11:51: An attack on a social justice view of God. It seems to me that there’s room for both in the LDS tradition. God guides us, but human agency and action is also central to our church. I recently read this post on Faith Promoting Rumor which was thought provoking. “Mormon Times: Social Justice in the Book of Mormon”

11:55: This is a much more LDS view of scripture as a tool to guide us towards our own personal revelation. I am much more comfortable with talking about scripture in this way as a tool to guide us towards Gods will for us.

11:56: This seems a bit radical…EVERY word uttered in conference is scripture? Wow!

11:57 “We Thank Thee O God for a Prophet”

12:01 am: I didn’t catch the name of the current speaker or his position.

12:02 am: More talk about the humanitarian work. There really seems to have been a big focus on this thus far.

12:03 am: As a convert I love hearing stories about the conversion of others.

12:04 am: There really is something powerful about missionaries. It’s hard to imagine 19 year olds being so successful without the power of the lord.

12:05 am: This is a pretty powerful story. It encourages me to be more open to promptings of the spirit to write and speak to others. As a home teacher I have several inactive teachees that I need to work to connect with if I can.

12:06 am: I love that this speaker talks about how he experienced a second and more powerful conversion well after he had already been baptized. We can always receive that confirmation and reconfirmation of the Holy Ghost.

12:10 am: I fail at catching names. I see people reading this…If you can give me the names of the past two speakers that would be appreciated…

Edit– Elder Bruce Carlson of the Seventy

12:11 am: That was a pretty cute story to get to the idea that there ‘are no shortcuts’ in our path towards salvation.

12:13 am: Oh boy this talk is going to be blog fodder for a while it seems. There are three reasons we do not keep commandments including a lack of faith, lack of understanding why the commandment is important. and belief that the commandment is too difficult.

12:14 am: An elaborate old testament story…You don’t hear these all too often. I like it quite a bit. I love the focus on how a small change in the spiritual practices of a nation leads to devastation.

12:15 am: This story of Naman on the other hand is one I’ve heard in several sacrament talks. It is a very useful story about how pride blocks us from spiritual growth and the lords promises.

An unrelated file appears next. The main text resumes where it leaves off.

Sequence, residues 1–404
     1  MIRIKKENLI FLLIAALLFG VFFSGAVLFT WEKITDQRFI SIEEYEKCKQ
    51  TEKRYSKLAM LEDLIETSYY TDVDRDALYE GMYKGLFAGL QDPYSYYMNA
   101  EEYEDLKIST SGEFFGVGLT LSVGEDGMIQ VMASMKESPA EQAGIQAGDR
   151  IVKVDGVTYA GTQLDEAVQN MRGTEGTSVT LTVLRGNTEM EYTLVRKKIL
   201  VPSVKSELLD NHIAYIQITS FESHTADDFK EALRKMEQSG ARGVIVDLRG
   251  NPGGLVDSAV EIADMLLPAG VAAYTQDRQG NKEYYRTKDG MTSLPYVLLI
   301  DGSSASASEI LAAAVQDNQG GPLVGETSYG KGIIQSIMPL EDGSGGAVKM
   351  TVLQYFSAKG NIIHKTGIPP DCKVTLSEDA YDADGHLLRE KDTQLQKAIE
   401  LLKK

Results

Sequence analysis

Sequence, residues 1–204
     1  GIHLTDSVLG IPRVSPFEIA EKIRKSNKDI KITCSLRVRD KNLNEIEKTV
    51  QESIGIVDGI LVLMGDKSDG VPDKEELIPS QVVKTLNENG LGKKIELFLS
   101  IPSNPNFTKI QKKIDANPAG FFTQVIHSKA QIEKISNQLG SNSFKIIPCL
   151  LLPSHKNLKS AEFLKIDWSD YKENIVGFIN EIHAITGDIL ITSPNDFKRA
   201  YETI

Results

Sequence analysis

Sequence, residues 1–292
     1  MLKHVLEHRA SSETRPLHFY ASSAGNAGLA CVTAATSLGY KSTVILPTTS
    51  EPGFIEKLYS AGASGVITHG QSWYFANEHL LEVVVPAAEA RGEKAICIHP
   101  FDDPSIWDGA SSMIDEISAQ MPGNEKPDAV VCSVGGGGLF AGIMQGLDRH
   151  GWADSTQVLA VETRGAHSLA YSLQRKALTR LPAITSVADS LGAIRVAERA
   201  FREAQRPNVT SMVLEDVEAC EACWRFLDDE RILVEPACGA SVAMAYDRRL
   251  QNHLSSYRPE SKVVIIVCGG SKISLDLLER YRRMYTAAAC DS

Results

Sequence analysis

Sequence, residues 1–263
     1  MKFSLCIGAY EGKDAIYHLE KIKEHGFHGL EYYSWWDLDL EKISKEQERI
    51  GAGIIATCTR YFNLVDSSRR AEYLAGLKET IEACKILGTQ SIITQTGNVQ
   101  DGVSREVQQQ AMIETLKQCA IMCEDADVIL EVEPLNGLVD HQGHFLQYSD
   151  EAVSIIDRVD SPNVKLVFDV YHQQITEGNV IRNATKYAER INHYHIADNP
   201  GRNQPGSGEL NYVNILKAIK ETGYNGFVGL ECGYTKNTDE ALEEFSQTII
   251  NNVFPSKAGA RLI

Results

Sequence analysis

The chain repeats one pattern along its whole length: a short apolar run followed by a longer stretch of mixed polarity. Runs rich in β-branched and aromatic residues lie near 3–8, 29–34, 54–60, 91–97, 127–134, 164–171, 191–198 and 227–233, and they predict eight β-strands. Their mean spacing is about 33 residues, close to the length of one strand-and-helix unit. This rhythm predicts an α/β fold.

12:17 am: This speaker is really good at using stories to illustrate examples…I think he’s gone through six or seven different stories already.

12:18 am: “When the lord commands…Do It.” Joseph Smith…Anyone know where this quote might come from…? I’m not sure i’ve heard it before.

12:19 am: Elder Bednar of the Quroum of the Twelve. I tend to really like his talks and speaking style. I hope he gets a better topic than last time!

12:21 am: When I was a child I had an experience with prophetic warning that saved the live of my parents and myself. I can really relate to the power of the lord.

12:22 am: Another talk about education of children? As a young single adult it’s hard for me to get too much from these talks right now.

12:23 am: Three early warning signs. 1) Readng and discussing the scriptures. The scriptures are useful because of the plain truths they offer us.

12:25 am: What would an infant responding to the Book of Mormon look like?

12:25 am: I wish that my nephew or niece had more of a spiritual background in their childhood. They do not seem to have any concept of God in their lives.

12:26 am: 2) Bear testimony spontaneously. Spontenaity really does seem to be important. I’ve noticed that when spiritual things come up naturally that its much more meaningful than when god is forced into a conversation.

12:29 am: I like that he encourages parents to be willing to listen as well as to share. That’s pretty vital

12:30 am 3) Inviting children to act.
“A child is never to young to participate in gospel learning.” I like that…I was worried this talk would focus only on what parents must do rather than what they must encourage. I’m glad he went on this direction.

12:32 am: Best FHE are not the results of preprogramed packets of information. Now, this I like!

12:33 am: Being anxiously engaged in asking seeking and knocking! Yes please!

12:36 am : Yay Elder Holland! He is my favorite apostle. Is it bad to have favorites? Probably…

12:37 am: Did they really give him the pornography talk? I guess we can see what he can make of it.